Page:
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Abortion has always been with us

By Amanda Marcotte
Tuesday, September 9, 2008 4:31 EDT
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Christy Hardin Smith has challenged bloggers to talk on a personal level about choice, something I’ve done before, but I feel I should take on the challenge again to encourage other bloggers—male and female—to do it. Because putting a human face to these issues helps. Also, Christy was brave enough to talk about her abortion, which was a tragic event for her and my sympathies are with her.

I have the pro-choice movement to thank for my great luck never to have had an abortion. Not that I feel lucky because I’m avoiding the judgment of assholes, because most of them assume the worst of me anyway, so I doubt I could sink lower in their esteem, nor do I care. But if it wasn’t for the hard work and willingness to get arrested for the cause of justice, it wouldn’t be so easy to mosey into a doctor’s office and walk out with a pill prescription to keep you from getting pregnant. Or into a grocery store/out with a box of condoms, if that’s what you need. Contrary to the paranoid claims of anti-choice nuts—some of whom are populating the comments section at the LA Times—no one thinks abortion is fun or a great way to pass the time. Prevention is a big deal, because surgery sucks. Especially for me. I get queasy when my blood is drawn, and having a tooth filled gave me a full 24 hours of anxiety. Even minor surgery is a nerve-wracking proposition.

But honestly, enough about me. I’m obviously boring. What I find interesting is contrasting my blessedly boring zero set abortion history with what you read about in histories of the feminist movement. You read books like Susan Brownmiller’s In Our Time: Memoir of a Revolution, and the sections on consciousness raising about abortion are startling for one very banal reason—the sheer amount of abortion. Women in these meetings in the late 60s and early 70s often recite having 3 or 4 or 5 or more abortions, and at ages a lot younger than me. There’s reason to believe that in the generation before that, abortion was a major form of birth control, probably the primary one. Leslie Reagan’s history of abortion reconfirms this suspicion—she describes a world where abortion was as common as it was illegal, and women just simply went to midwives to get it taken care of, and men simply turned a blind eye, assuming that termination was a woman’s business. It’s a chilling reminder of the lives that I and most of the women reading this would have if it weren’t for reproductive rights activists fighting the good battle. It makes perfect sense that abortion, while illegal, was an everyday part of life in an insufficiently feminist society. Contraception was irregular and difficult to use. Men felt entitled to sex from their wives and girlfriends on their own timetable, and that might not include time to prepare a diaphragm or the ability to say no during the fertile periods of the month. And that’s assuming you were educated enough to know how to tell if you were ovulating.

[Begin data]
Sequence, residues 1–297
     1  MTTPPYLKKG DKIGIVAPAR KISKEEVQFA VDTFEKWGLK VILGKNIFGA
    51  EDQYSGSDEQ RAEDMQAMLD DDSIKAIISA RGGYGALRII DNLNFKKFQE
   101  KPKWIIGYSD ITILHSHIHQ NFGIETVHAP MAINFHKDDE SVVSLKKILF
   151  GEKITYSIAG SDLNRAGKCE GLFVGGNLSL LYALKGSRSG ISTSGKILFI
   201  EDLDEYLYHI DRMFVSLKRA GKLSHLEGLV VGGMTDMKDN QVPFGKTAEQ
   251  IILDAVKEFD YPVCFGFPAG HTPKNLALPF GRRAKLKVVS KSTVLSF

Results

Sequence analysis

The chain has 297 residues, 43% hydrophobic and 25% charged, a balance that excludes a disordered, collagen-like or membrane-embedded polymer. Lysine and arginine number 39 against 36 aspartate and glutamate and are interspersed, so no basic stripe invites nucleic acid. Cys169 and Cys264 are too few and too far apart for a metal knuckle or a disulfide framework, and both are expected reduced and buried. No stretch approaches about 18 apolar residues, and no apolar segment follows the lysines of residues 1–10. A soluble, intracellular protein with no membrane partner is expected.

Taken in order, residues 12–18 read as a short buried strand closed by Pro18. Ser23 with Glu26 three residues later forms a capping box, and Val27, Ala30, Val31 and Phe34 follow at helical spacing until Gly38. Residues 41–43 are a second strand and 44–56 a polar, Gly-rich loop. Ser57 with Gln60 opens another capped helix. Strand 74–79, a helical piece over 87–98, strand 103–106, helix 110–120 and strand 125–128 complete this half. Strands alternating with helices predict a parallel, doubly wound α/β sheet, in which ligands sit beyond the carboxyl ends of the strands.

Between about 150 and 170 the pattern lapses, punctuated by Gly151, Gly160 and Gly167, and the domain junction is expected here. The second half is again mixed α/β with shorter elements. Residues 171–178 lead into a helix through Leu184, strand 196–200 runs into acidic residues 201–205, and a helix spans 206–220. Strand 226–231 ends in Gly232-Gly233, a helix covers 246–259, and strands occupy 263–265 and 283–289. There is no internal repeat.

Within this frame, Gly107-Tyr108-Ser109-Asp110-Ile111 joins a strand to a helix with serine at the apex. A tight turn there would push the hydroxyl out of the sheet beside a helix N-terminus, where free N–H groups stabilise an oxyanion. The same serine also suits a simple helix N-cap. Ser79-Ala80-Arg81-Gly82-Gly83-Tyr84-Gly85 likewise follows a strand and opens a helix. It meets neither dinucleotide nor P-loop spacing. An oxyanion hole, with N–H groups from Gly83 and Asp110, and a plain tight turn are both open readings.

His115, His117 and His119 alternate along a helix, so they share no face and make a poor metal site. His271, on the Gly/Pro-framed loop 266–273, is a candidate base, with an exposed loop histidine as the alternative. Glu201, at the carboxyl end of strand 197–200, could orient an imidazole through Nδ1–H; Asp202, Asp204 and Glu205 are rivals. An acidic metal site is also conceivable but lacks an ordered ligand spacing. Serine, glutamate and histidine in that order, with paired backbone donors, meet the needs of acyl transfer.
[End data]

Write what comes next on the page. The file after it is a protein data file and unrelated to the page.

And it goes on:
So what motivates me is a little different than what motivates Christy to care about this issue. I’m acutely aware of the life I’m lucky enough not to have had. Even setting aside the issues about independence and freedom from violence, there’s just the basic freedom from having someone muck around my cervix, doing grody stuff to it on a regular basis. I’m glad we have choice, because women in the past didn’t really have any. When they simply couldn’t have babies, their only choice was an ugly choice—abortion, and under dirty, painful, unseemly circumstances.

Interestingly, one of the commenters at the LA Times accused me of being stupid because I want abortion to be legal. Presumably, I don’t know how to use contraception, according to his logic. I’m sort of perplexed by people who make this argument, and have to assume that they have a really weird idea of how frequently most people have sex. Because most people have sex over 100 times a year, and the more, um, transactions you have, the higher the chances of error. But I suppose if it’s a really rare event for you, on the level of a lunar eclipse, it’s hard to imagine how you’d have much of an error rate at all.

Amanda Marcotte
Amanda Marcotte
Amanda Marcotte is a freelance journalist born and bred in Texas, but now living in the writer reserve of Brooklyn. She focuses on feminism, national politics, and pop culture, with the order shifting depending on her mood and the state of the nation.
 
 
 
 
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